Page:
The British monarchy has a largely ceremonial role, but Westminster is still required to follow a number of procedures and get the Queen’s consent when it comes to laws that could affect the royal household.
The royal household has vetted over 1,000 laws at the UK government’s request since Queen Elizabeth II ascended to the throne in 1952, a much larger figure than was initially assumed, The Guardian revealed.
Curious minds at The Guardian came up with a list of 1,062 parliamentary bills that were sent to Buckingham palace for the Queen’s consent during the last 69 years.
The Queen’s consent is a formal procedure that requires ministers to ask for the monarch’s permission to proceed on with parliamentary debate if lawmakers believe that the proposed legislature would affect the Crown.
Traditionally, that would cover laws related to such fundamental powers as the ability to declare war, royal assets and estates, as well as wealth and taxation (the Windsors are one of the richest families in the United Kingdom, after all).
If lawmakers decide that the Queen’s approval for upcoming laws is necessary, the government then sends a formal request to Buckingham Palace for royal lawyers to study the proposal for two weeks and then either grant permission or deny it.
It is only with the Queen’s approval that the British parliamentarians can then commence a debate on the proposed legislation.
According to the Queen’s spokesperson, the monarch’s consent remains a “purely formal” process.
“Consent is always granted by the monarch where requested by government. Any assertion that the sovereign has blocked legislation is simply incorrect”, she argued.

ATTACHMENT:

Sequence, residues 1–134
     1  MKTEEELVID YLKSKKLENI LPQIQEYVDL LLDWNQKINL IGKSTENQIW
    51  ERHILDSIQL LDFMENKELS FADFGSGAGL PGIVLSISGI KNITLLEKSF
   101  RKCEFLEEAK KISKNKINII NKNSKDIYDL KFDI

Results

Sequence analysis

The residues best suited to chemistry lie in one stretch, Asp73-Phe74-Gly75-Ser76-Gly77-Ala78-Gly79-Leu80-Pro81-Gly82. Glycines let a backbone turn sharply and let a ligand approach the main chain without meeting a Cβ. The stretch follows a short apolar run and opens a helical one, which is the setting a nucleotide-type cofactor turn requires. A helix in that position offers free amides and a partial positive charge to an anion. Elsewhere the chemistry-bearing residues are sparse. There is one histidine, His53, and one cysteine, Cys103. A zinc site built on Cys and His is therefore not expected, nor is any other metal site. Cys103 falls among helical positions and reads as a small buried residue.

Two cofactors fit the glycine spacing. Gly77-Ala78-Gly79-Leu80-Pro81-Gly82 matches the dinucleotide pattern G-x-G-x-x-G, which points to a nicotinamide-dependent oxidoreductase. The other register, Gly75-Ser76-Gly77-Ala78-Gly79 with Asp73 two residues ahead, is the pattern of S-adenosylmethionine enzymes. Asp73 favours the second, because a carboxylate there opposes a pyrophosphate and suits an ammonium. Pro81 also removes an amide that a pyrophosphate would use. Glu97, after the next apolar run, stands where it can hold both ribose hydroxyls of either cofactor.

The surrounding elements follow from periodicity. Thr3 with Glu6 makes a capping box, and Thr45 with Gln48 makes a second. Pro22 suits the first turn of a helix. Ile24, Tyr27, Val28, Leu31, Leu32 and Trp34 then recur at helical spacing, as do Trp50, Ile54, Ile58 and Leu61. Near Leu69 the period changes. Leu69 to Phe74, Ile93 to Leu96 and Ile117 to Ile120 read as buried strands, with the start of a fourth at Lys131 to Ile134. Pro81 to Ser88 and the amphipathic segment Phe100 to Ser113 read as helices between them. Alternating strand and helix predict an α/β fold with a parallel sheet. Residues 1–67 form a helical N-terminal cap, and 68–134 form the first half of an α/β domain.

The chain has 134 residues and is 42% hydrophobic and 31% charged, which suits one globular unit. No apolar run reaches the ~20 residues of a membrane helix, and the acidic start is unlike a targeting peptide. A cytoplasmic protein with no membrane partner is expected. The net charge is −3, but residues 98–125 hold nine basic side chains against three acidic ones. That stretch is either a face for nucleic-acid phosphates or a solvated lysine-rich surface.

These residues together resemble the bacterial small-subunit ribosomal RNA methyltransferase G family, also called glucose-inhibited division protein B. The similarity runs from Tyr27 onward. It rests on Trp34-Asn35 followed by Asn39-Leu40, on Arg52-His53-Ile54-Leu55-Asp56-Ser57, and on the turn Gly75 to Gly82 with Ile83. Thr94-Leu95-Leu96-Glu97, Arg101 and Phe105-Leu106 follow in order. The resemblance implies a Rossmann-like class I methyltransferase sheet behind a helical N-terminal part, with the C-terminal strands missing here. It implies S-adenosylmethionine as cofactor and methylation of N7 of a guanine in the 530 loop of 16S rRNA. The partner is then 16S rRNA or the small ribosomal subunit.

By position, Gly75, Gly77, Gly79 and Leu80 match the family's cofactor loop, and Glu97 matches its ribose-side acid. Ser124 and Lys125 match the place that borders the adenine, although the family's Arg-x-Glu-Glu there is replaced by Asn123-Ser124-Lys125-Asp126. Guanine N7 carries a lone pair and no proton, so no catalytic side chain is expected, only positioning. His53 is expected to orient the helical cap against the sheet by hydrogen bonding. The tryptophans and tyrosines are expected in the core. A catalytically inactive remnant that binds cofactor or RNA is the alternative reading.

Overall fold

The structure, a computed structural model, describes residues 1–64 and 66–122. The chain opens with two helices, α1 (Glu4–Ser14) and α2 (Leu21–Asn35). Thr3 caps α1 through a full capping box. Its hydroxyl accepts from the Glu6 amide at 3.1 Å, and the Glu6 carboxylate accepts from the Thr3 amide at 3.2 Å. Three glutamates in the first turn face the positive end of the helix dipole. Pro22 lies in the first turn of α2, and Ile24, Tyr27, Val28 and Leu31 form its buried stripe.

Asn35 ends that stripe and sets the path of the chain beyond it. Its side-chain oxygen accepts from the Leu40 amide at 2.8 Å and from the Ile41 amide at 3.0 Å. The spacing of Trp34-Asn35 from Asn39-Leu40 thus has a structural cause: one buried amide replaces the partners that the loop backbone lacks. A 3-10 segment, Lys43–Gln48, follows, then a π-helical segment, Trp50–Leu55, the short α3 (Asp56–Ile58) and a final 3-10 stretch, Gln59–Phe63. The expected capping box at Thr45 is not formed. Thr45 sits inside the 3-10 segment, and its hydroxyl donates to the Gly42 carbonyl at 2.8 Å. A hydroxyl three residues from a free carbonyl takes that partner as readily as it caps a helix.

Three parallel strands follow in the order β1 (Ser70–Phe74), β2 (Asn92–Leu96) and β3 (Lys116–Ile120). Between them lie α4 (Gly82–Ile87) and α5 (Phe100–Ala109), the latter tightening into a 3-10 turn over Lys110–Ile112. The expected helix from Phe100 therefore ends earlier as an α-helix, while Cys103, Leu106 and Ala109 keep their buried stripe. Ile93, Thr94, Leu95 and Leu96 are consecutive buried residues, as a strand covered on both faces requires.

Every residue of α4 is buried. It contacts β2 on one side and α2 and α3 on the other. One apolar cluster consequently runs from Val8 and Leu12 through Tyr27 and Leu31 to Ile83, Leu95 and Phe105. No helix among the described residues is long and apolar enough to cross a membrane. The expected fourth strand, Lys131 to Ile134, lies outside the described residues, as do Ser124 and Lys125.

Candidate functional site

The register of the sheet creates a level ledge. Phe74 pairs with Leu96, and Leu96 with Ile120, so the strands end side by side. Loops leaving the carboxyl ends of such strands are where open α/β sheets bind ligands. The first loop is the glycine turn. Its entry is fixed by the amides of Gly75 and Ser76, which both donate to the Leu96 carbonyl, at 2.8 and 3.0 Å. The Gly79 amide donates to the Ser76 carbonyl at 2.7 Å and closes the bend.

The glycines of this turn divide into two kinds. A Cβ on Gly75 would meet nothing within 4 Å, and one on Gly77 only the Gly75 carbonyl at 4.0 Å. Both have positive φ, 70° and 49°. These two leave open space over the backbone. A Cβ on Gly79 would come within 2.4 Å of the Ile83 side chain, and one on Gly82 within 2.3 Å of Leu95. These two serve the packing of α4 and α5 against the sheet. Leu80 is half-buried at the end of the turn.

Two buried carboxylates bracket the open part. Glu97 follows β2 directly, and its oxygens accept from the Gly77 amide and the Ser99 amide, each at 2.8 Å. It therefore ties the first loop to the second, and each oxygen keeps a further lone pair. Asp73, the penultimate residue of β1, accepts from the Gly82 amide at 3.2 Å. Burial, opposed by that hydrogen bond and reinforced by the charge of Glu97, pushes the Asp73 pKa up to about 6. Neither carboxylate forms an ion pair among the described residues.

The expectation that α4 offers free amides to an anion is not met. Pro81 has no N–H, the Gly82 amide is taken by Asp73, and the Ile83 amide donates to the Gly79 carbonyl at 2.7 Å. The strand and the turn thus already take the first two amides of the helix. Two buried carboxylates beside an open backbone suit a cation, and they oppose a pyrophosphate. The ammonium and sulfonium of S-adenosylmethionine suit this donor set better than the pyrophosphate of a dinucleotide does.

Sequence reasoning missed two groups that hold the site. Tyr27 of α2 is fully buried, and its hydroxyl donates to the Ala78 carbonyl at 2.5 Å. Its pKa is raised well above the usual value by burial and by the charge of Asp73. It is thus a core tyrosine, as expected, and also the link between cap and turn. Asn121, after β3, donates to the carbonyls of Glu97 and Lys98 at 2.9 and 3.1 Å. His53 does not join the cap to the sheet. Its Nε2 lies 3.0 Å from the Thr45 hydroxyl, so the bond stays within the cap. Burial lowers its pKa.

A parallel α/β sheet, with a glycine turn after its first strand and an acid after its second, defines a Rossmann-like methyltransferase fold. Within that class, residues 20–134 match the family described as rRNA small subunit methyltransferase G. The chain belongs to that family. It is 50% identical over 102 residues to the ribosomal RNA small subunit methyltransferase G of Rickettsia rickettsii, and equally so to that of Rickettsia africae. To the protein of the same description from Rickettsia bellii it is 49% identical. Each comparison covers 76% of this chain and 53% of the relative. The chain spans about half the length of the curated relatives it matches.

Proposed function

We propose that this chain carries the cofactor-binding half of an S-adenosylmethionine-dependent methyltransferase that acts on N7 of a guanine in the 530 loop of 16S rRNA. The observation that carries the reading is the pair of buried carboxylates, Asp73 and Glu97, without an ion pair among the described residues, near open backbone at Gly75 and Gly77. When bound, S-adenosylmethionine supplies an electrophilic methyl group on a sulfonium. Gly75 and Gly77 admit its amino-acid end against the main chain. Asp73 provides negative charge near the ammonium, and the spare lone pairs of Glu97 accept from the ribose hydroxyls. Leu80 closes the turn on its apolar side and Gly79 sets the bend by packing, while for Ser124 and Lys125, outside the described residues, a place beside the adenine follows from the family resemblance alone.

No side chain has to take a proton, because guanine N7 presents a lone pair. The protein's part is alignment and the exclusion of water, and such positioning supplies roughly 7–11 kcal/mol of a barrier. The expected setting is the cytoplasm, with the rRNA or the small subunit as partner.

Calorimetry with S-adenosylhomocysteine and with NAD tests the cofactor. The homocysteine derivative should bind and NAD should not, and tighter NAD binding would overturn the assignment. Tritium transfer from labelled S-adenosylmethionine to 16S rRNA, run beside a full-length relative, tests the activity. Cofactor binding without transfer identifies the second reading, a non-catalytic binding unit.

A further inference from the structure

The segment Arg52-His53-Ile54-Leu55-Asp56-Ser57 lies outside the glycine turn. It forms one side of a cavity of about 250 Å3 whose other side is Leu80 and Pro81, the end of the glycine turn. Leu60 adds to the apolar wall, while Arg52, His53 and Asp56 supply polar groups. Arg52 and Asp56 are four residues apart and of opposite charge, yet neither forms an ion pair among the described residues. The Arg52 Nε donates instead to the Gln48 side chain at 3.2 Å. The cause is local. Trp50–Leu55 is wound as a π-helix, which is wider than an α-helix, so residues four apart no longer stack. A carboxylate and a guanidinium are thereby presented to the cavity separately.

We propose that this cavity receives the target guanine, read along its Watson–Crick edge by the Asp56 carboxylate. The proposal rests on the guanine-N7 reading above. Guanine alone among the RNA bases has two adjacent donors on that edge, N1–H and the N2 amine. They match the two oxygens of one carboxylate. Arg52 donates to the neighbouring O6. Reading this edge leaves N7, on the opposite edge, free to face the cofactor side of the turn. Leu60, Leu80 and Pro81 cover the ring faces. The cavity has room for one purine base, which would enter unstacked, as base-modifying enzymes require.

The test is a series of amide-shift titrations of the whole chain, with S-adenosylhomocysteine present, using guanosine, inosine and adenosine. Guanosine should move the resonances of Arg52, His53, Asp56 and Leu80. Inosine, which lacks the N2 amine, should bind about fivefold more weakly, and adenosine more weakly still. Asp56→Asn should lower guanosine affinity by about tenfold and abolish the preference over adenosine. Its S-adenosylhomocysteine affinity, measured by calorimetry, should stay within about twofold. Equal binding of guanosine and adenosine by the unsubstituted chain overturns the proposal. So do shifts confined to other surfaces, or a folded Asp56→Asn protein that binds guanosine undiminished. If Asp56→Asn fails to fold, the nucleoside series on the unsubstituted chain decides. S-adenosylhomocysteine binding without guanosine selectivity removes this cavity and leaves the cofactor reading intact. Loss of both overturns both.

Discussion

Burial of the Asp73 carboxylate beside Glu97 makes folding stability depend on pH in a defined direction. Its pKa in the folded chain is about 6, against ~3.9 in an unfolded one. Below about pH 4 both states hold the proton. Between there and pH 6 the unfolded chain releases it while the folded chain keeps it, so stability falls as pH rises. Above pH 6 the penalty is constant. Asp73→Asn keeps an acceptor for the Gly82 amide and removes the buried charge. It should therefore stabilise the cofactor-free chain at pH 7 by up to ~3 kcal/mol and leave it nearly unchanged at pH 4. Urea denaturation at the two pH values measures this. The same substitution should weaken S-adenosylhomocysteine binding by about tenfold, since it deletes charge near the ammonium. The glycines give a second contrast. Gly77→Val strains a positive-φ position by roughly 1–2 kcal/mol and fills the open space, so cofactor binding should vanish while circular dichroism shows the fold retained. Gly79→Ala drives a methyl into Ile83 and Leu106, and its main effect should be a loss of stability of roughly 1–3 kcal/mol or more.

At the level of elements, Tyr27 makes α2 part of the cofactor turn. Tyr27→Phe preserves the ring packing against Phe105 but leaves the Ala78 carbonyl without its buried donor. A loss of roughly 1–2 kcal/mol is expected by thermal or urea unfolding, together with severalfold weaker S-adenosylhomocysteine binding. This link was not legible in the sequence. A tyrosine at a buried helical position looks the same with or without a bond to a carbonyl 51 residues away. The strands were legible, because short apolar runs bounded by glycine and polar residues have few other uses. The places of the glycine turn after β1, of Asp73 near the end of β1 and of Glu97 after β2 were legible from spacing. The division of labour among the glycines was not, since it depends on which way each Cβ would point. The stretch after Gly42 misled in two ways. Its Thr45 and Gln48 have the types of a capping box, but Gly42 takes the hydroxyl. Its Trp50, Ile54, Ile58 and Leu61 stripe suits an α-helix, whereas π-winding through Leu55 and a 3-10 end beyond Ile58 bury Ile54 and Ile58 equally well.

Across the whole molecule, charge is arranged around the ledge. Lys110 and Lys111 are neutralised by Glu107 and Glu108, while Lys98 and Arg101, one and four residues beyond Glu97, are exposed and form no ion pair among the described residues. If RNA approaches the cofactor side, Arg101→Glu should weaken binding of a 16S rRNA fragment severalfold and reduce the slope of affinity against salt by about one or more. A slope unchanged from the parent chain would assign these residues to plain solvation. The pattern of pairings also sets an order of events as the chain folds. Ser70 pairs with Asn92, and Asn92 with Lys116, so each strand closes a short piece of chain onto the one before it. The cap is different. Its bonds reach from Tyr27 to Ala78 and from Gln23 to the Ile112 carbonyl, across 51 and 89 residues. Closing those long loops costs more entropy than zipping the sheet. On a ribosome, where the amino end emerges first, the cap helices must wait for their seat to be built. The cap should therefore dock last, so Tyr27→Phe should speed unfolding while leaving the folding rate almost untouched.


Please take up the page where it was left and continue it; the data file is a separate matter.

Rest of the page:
The database shows that in the past, the Queen and her eldest son Prince Charles have screened a number of draft laws ranging from social justice to some various proposals related to parking issues and salmon.
The sheer range is raising eyebrows among observers about why the Queen was even asked to vet some of these drafts.
“A lot of these bills are not distinctively about the crown, or mainly about the crown, or obviously about the crown in any way”, Liverpool University’s Professor Dr Adam Tucker told The Guardian. “And yet they obviously still have some content which drags them into the process”.
But the Queen’s spokesperson maintains that it is always up to the Parliament to decide what is worthy of the monarch’s attention, even when it comes down to her “personal interests”.
But the list shows that some of the proposals recently sent to Buckingham Palace have had vital importance for the whole country and not just the royal family in particular: last year, the royals were asked to vet a bill on the UK’s future relationship with the European Union (dated by 30 December 2020) and the 21 January 2020 European Union Withdrawal Agreement.
The Guardian also studied the National Archives and claim that the Queen has previously resorted to private lobbying in a bid to pressure the government to implement changes to at least four draft laws. According to the media “investigation”, this apparently relates to the Queen’s attempt to pressure ministers to alter a 1970s law on transparency in a bid to keep the public in the dark about the extent of her private wealth.
Buckingham Palace has refused to confirm whether Queen Elizabeth has ever asked the government to make changes to legislation since assuming the throne nearly 70 years ago.